By Ryan Durning
Top Dawg Entertainment artist Schoolboy Q’s major label debut, OXYmoron, is his most progressive yet frustratingly ignorant record to date. In interviews he has stated that the theme of the album was documenting all the bad he has done in order to support his daughter.
The former Hoover Crip/college football player/Oxycontin pusher has created an album that lives up to it’s clever title. The album is constantly flip-flopping be- tween honestly brutal introspection and brash celebration of his seedy past which is perfectly summed up by the titular track “Prescription/Oxymoron.”
The first half of the song details his addiction to prescription drugs before the beat flips into a menacing piano loop and stuttering drums that Q uses to brag about selling Oxycontin and whose hook turns into “I just stopped selling crack today.”
The long wait for the album, originally announced after the last TDE album “Good kid, M.a.a.D City,” which dropped Oct. 12, 2013, has only served to highlight some of it’s missteps. The album can be bro- ken down into a repeating pattern of three songs with the middle one usually being the weakest.
The album starts off with the brash “Gangsta.” Q is at the top of his game, spitting about his past. This segues into the underwhelming “Los Awesome” where the slurring of his voice makes the track for- gettable, before the pace is picked up again by the lead single “Collard Greens” thanks to the pulsating hypnotic production and a funny guest verse from Kendrick Lamar.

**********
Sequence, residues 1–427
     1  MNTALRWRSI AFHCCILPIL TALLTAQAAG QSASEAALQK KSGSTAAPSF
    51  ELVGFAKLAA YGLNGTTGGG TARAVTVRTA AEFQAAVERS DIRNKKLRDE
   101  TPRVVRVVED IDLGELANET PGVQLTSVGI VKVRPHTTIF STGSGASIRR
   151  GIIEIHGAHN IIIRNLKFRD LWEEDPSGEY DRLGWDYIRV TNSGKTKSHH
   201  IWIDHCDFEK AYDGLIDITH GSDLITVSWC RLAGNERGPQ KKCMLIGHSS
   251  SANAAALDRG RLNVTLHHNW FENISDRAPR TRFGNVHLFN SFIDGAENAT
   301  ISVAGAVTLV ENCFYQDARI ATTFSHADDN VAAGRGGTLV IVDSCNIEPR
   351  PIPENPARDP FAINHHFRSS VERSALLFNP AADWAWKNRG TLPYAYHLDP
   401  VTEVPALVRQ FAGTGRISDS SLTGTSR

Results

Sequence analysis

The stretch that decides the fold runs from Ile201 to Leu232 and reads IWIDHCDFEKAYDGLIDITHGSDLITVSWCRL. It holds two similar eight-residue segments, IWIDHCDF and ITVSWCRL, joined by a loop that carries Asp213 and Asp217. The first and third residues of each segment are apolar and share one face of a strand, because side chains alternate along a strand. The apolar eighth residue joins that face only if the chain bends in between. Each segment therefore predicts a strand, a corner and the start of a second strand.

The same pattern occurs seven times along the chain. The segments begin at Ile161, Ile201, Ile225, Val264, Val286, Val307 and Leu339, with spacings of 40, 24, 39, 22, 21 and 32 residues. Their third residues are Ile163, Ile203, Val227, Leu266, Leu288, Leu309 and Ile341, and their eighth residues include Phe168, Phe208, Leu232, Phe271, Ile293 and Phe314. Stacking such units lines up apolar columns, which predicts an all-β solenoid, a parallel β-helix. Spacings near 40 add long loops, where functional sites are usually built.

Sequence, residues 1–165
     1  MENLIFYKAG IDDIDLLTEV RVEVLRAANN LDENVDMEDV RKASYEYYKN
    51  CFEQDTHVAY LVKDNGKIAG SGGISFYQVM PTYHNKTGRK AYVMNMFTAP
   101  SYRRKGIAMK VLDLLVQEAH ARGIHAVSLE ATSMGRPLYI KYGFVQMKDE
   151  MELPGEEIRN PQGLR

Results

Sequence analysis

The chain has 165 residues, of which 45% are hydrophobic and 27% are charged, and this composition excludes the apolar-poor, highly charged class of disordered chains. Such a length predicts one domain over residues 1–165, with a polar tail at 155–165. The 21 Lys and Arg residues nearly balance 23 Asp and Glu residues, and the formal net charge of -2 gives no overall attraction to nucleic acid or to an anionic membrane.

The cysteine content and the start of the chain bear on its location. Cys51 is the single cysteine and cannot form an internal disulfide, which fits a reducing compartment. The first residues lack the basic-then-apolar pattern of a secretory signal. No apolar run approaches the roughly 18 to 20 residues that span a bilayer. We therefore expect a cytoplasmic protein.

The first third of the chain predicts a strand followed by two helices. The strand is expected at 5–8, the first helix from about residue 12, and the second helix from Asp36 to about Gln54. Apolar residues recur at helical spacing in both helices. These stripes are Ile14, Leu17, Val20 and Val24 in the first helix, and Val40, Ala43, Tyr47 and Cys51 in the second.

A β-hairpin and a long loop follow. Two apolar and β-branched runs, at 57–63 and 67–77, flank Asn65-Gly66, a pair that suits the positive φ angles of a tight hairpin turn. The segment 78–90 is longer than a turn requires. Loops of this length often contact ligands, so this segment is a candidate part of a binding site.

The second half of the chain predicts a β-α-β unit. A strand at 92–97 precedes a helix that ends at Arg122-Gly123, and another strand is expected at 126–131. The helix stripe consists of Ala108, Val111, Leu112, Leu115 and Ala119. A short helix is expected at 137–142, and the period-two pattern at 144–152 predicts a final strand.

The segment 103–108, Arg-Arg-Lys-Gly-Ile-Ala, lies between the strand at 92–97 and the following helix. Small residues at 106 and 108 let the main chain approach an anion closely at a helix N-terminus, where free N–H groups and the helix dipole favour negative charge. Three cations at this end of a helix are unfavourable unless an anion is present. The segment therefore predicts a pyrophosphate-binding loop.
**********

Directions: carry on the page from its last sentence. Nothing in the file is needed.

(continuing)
This happens two more times on the album, most notably in the sequence of “Hoover Street”, which finds Q talking about his uncle, an addict, which is by all means a gritty tale, followed by “Studio,” ruining the mood with it’s uninspired romance. Finishing up the trio is the thesis of the album, “Prescription/Oxymoron.”
After the titular track, Groovy Q hits his stride and finishes out the album with hard hitting rhymes, especially in “The Purge” and “Break The Bank,” while flowing better and generally avoiding the minor mistakes made in the first half.
As a member of TDE, Q has amassed a following as the gangsta rapper whose infectious flow and chants of “yawk-yawk- yawk” help to liven up his well tread sub- ject matter of women and gangbanging.
Without his charisma, he pales in comparison to the lyricism that fellow TDE members’ Ab-Soul and recently Grammy nominated Kendrick Lamar bring to the table. Ultimately, Schoolboy has shown that he can make an album that can be both disarmingly blunt and maddeningly mindless.